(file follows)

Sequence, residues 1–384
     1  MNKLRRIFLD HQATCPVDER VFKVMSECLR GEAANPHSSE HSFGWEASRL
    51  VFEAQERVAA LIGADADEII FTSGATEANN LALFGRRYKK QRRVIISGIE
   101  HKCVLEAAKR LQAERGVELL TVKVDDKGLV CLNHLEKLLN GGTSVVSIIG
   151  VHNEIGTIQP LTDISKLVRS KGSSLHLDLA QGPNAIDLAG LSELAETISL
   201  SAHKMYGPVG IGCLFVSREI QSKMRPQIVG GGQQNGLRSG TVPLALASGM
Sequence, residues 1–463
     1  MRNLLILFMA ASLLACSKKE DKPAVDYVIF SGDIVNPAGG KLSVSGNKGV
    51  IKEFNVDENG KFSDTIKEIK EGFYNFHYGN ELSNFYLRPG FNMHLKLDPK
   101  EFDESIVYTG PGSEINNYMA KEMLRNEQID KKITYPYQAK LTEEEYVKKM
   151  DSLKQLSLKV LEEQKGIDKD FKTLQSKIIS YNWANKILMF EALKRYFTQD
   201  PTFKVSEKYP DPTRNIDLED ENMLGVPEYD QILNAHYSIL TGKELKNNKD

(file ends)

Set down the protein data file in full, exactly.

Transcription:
Sequence, residues 1–384
     1  MNKLRRIFLD HQATCPVDER VFKVMSECLR GEAANPHSSE HSFGWEASRL
    51  VFEAQERVAA LIGADADEII FTSGATEANN LALFGRRYKK QRRVIISGIE
   101  HKCVLEAAKR LQAERGVELL TVKVDDKGLV CLNHLEKLLN GGTSVVSIIG
   151  VHNEIGTIQP LTDISKLVRS KGSSLHLDLA QGPNAIDLAG LSELAETISL
   201  SAHKMYGPVG IGCLFVSREI QSKMRPQIVG GGQQNGLRSG TVPLALASGM
Sequence, residues 1–463
     1  MRNLLILFMA ASLLACSKKE DKPAVDYVIF SGDIVNPAGG KLSVSGNKGV
    51  IKEFNVDENG KFSDTIKEIK EGFYNFHYGN ELSNFYLRPG FNMHLKLDPK
   101  EFDESIVYTG PGSEINNYMA KEMLRNEQID KKITYPYQAK LTEEEYVKKM
   151  DSLKQLSLKV LEEQKGIDKD FKTLQSKIIS YNWANKILMF EALKRYFTQD
   201  PTFKVSEKYP DPTRNIDLED ENMLGVPEYD QILNAHYSIL TGKELKNNKD